HALYs are a combined measure of morbidity and mortality. Mortality is measured by the number of years a person died before expected (Years of Life Lost). Morbidity is measured by the number of years a person lives with a specific disability, weighted by its severity (Years of Life Lived with Disability).
Quality adjusted life years (QALYs) and disability adjusted life years (DALYs) are the most common forms of HALYs, with the two most important differences being (i) DALYs express a loss, while QALYs express a gain and (ii) different weightings are applied to different disabilities.
HALYs may be age-weighted (where a year of life lived at the age of 20 is weighted higher than a year of life lived at age one) or discounted (where a year of life lived in five years is weighed less than a year of life lived now).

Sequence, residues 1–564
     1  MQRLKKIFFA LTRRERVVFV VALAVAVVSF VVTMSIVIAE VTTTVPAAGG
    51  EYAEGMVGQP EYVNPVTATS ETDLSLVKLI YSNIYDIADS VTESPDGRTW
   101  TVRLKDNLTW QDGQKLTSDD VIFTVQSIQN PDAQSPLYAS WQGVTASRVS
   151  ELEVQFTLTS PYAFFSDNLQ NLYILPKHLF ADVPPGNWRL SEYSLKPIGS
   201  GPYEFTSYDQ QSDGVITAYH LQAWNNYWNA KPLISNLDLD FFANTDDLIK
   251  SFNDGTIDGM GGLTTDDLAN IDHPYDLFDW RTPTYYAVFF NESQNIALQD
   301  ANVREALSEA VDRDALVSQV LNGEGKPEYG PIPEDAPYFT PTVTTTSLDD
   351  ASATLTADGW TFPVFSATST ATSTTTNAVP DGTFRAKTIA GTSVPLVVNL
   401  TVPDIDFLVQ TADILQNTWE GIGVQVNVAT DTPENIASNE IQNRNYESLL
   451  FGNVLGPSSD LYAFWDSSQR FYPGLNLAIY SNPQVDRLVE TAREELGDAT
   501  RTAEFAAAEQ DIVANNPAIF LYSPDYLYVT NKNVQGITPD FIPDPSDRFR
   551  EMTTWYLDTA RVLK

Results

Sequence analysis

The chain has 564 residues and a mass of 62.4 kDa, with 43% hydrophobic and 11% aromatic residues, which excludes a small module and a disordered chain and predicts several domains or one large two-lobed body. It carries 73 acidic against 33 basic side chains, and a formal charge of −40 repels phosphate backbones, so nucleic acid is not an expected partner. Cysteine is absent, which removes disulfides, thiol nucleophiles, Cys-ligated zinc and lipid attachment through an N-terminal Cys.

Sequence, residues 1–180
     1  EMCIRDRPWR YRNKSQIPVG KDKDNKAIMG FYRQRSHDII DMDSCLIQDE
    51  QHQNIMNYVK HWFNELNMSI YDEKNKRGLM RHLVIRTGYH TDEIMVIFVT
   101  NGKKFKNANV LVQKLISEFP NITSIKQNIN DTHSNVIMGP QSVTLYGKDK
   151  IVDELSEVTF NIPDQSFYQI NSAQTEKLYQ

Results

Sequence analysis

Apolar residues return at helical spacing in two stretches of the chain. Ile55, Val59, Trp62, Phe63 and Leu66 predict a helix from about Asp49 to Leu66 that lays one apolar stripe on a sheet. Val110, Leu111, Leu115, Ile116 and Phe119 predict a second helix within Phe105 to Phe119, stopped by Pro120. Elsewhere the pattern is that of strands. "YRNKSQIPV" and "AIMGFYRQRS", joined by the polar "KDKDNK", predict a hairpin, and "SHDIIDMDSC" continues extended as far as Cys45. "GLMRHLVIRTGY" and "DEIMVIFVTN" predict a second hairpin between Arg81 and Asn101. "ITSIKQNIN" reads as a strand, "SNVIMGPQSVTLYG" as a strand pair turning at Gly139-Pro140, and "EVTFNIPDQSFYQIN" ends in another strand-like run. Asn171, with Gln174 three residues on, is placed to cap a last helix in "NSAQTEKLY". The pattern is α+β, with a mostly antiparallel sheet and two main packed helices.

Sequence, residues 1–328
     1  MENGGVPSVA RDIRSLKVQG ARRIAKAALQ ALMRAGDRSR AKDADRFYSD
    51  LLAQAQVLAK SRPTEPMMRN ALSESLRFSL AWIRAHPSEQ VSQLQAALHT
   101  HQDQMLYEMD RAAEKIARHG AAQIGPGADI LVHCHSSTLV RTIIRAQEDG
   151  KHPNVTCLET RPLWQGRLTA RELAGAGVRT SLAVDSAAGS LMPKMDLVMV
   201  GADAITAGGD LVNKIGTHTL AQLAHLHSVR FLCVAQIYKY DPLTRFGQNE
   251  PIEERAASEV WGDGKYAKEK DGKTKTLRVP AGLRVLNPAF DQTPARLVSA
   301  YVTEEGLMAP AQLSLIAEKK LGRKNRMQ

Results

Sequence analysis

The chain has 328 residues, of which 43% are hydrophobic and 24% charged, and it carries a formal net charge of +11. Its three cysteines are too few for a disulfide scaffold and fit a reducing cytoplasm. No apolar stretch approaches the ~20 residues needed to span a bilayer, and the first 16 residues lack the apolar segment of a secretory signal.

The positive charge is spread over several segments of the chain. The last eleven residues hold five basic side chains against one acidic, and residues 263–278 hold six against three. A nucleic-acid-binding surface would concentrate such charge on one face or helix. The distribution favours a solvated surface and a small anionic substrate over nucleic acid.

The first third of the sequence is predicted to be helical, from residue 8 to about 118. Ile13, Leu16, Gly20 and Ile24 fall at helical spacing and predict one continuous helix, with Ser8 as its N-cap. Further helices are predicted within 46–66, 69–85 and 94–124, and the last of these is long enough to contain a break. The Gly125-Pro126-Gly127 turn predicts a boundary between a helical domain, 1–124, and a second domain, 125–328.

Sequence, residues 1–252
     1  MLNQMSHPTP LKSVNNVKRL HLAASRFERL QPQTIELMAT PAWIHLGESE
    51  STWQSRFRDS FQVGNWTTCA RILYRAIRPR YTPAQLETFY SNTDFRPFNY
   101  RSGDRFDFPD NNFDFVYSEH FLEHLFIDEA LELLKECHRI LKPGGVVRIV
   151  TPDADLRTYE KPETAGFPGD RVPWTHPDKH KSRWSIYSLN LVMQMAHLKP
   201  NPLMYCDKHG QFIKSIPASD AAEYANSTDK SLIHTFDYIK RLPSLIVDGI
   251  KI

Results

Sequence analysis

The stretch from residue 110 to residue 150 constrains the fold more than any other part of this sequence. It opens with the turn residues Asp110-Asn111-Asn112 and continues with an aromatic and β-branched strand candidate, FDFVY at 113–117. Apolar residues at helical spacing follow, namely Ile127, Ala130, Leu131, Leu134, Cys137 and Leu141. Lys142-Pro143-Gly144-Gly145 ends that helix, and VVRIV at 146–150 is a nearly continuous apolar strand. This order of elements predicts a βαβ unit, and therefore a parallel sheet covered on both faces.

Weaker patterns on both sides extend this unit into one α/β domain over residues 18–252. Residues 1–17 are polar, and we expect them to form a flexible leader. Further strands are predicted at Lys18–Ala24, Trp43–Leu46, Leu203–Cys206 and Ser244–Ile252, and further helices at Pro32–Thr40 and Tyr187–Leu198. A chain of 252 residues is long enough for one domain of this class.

HALYs are useful for making health prioritization decisions, since they allow a common metric for comparison, but are intended only as a proxy measure of health outcomes. They are, therefore, of limited use in evaluating interventions that might result in higher (non-health-related) quality of life.
Research is underway to extend the HALY concept to encompass a broader measure of wellbeing. A wellbeing-adjusted life year—sometimes referred to as a WELBY (Davison 2015)—would weigh the value of different states based on a proxy of their overall impact on a composite measure of welfare, rather than just health. There is not yet a standard weighting of the welfare-impact of different states, but advances in the research of subjective wellbeing may change this in future.
Bronsteen, John, Christopher Buccafusco & Jonathan Masur. 2013. Well-being analysis vs. cost-benefit analysis. Duke law journal 62: 1603-1689.
World Health Organization. 2016. Metrics: disability-adjusted life year (DALY).
Davison, Ewan. 2015. Exploring a wellbeing adjusted life year (WELBY).